McCarthy faces test as Gaetz moves to oust him for working with Democrats
By Karoun Demirjian
House Speaker Kevin McCarthy’s leadership position is in peril after his most outspoken Republican critic, Rep. Matt Gaetz of Florida, said Sunday that he would follow through on threats to try to remove McCarthy from the job.
Gaetz’s announcement came a day after McCarthy, in a stunning reversal, turned to Democrats to help him steer a 45-day stopgap spending bill through the House. The backlash was almost immediate, as Republican hard-liners left the Capitol on Saturday complaining that McCarthy had sold them out by working with Democrats. They questioned whether he deserved to keep his job.
“I think we need to rip off the Band-Aid,” Gaetz said during an interview on CNN’s “State of the Union” on Sunday, promising in the next few days to bring up a measure called a “motion to vacate.” The move prompts a snap vote on whether to keep the speaker in his post. “I think we need to move on with new leadership that can be trustworthy.”
Gaetz’s move is the culmination of a monthslong power struggle between McCarthy and far-right members of his party, who sought to deprive him of the speaker’s gavel in January and shut down the House floor this spring to protest a bipartisan deal McCarthy struck with President Joe Biden to raise the debt ceiling.
The possibility that McCarthy might face calls for his ouster has loomed over him since he took the job. Because of a concession he offered to right-wing holdouts in exchange for the speakership, any single lawmaker can call for a removal vote.
But on Sunday, McCarthy shrugged off the threat, predicting that Gaetz’s effort to remove him would fail. He said Gaetz was motivated by a petty grudge rather than a substantive dispute.
“I’ll survive,” McCarthy said during an interview on CBS’ “Face the Nation.” “You know this is personal with Matt.” He accused Gaetz of being “more interested in securing TV interviews than doing something.”
“So be it, bring it on,” McCarthy added. “Let’s get over with it and let’s start governing. If he’s upset because he tried to push us into a shutdown and I made sure the government didn’t shut down, then let’s have that fight.”
For several weeks, Gaetz has threatened to topple McCarthy. He complained that the speaker had reneged on several promises he made to Republican hard-liners to win their support to become speaker, including demands for deep spending cuts. In Sunday’s CNN interview, he accused McCarthy of lying to his GOP members during spending negotiations and making a “secret deal” with Democrats concerning future funding for Ukraine. He and dozens of other conservative Republicans oppose more aid to Ukraine.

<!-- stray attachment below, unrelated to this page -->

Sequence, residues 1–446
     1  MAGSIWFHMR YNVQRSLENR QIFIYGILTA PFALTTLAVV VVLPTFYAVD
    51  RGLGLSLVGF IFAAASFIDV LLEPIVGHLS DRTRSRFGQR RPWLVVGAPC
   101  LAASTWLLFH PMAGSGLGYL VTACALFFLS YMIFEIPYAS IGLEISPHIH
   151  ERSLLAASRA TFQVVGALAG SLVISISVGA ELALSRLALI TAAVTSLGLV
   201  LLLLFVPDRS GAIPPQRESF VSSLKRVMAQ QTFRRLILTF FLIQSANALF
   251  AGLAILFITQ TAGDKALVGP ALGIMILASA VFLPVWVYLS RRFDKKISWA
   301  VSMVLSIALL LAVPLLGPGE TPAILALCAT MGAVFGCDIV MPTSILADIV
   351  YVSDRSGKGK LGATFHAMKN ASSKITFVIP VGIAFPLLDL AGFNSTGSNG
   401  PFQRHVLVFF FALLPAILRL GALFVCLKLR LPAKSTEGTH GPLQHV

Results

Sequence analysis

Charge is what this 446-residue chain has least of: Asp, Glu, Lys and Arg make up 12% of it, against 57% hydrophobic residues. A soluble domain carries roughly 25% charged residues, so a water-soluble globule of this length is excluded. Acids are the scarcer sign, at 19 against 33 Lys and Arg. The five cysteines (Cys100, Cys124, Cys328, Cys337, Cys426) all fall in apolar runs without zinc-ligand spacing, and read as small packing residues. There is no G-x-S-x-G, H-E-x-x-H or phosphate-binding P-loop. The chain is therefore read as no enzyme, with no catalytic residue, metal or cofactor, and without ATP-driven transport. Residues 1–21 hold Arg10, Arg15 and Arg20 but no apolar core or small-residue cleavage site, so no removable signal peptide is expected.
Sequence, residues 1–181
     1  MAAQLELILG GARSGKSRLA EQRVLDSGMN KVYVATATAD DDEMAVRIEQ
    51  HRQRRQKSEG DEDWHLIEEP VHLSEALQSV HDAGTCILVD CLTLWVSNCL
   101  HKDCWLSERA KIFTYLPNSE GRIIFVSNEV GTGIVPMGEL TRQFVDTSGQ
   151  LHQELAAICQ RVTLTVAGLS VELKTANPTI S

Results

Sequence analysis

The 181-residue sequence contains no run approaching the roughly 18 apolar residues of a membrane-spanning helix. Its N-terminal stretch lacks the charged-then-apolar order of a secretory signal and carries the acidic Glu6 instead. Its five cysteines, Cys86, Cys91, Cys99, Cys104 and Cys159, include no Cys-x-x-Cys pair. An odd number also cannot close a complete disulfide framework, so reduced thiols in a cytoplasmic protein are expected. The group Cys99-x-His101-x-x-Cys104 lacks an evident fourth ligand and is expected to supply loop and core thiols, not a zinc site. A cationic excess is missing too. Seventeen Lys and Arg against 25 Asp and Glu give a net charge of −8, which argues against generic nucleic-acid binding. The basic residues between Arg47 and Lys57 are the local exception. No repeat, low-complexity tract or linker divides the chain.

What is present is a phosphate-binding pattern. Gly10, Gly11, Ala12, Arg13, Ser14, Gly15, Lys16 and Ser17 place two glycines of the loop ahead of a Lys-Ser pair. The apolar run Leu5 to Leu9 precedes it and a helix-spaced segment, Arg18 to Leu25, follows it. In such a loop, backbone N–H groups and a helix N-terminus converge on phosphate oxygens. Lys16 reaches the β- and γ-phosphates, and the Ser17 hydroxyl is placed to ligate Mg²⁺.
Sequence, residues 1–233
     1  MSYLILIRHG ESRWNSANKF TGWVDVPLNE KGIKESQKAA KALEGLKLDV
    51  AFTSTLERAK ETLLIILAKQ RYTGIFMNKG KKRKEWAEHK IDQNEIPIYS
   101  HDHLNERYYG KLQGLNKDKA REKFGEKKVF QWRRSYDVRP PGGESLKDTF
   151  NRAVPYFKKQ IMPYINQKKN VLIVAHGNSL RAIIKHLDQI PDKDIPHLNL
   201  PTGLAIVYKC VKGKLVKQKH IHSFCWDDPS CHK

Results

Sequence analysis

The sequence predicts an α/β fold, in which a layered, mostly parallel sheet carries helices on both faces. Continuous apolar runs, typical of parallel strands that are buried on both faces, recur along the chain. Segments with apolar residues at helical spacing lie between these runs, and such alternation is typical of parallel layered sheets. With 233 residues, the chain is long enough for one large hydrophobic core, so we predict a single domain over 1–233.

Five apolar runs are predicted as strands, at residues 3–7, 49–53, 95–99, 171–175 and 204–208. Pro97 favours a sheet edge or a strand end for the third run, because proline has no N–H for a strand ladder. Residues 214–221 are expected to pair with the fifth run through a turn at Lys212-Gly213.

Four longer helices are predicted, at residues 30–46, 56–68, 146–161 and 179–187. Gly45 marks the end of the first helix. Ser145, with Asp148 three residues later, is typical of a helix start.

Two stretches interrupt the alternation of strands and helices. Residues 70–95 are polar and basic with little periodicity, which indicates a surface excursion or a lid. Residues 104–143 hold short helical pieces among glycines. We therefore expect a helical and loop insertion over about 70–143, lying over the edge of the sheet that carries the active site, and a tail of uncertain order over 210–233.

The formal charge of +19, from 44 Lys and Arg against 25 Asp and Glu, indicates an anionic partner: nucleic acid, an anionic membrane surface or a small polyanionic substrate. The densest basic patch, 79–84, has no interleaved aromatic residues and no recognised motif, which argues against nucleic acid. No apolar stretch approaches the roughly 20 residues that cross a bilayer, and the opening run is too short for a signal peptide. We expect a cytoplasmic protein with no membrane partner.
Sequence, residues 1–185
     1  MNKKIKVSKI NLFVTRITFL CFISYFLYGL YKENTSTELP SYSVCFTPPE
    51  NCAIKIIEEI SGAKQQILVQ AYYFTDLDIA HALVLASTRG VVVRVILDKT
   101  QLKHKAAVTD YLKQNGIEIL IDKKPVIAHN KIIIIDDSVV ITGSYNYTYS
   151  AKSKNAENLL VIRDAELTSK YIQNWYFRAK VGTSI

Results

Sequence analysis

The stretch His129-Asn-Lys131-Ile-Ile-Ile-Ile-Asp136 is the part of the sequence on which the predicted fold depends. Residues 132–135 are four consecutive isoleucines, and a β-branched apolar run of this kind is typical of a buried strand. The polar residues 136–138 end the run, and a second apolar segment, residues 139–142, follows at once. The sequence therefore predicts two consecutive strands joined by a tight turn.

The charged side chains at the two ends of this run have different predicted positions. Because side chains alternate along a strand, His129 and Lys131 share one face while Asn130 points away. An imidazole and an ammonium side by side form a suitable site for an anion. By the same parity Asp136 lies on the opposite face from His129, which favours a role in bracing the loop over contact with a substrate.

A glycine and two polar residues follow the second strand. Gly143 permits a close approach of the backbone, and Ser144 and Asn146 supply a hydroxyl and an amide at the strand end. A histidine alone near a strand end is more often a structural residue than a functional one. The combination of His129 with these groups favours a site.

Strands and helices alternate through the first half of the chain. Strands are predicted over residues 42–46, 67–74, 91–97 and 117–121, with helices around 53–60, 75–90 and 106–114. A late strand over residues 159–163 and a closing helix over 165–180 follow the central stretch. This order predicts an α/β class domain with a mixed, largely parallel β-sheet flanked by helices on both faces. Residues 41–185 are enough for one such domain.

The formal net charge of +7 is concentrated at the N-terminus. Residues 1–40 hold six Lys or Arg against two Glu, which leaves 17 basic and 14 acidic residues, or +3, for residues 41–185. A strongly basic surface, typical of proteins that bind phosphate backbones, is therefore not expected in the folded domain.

“Nobody trusts Kevin McCarthy,” Gaetz said, predicting that the only way McCarthy would remain speaker by week’s end is “if Democrats bail him out.”
Although most House Republicans still support keeping McCarthy on as speaker, Gaetz’s plans pose an existential threat to his tenure because of the slim majority the GOP holds in the chamber. If Democrats were to vote against McCarthy — as is almost always the case when a speaker of the opposing party is being elected — Gaetz would need only a handful of Republicans to join the opposition to remove him, which requires a simple majority vote.
To avoid that fate, at least some Democrats would have to either vote to keep McCarthy in office, skip the vote or vote “present” — neither for or against. That would lower the threshold for a majority and make it easier to defeat Gaetz’s motion.
It is not clear whether Democrats would help McCarthy. They are angry that he recently announced that the House was opening an impeachment inquiry into Biden, despite lacking evidence of wrongdoing. Most Democrats regard McCarthy as an untrustworthy figure who has spent months catering to the whims of his right wing.
He has turned to Democrats only when his back is against the wall, as he did in the spring to avoid a federal debt default and again Saturday to keep the government open.
Gaetz expressed confidence that he would eventually rally enough votes among Democrats and Republicans to oust McCarthy as speaker, even if his opening attempt this week fails.
“I might not have them the first time, but I might have them before the 15th ballot,” Gaetz said on ABC’s “This Week.” It was a pointed reference to the number of attempts it took McCarthy to secure his speakership in January. He added, “I am relentless, and I will continue to pursue this objective.”
Gaetz did not say whom he would like to see replace McCarthy as speaker. He argued that it would be unfair to speculate while the House’s second-highest-ranking Republican, Rep. Steve Scalise of Louisiana, is being treated for cancer.
“I want to see how Steve Scalise comes out of that,” Gaetz said.
That left open the possibility that the top post in the House could remain vacant for some time, with McCarthy forced out and nobody else able to muster the votes to replace him.
The situation has left mainstream Republicans in competitive districts fuming.
Rep. Mike Lawler, R-N.Y., accused Gaetz of being “duplicitous” and engaging in a “diatribe of delusional thinking.”
In an interview on ABC that aired just after Gaetz’s appearance, Lawler accused Gaetz of breaking faith with the House GOP when a majority of the chamber’s Republicans did not share his animus toward McCarthy. He also argued that the move would undermine all of the work Republicans had done to advance their conservative policy agenda.
“This will all be torpedoed by one person who wants to put a motion to vacate for personal, political reasons,” Lawler said, noting, “We have to work together as a team.”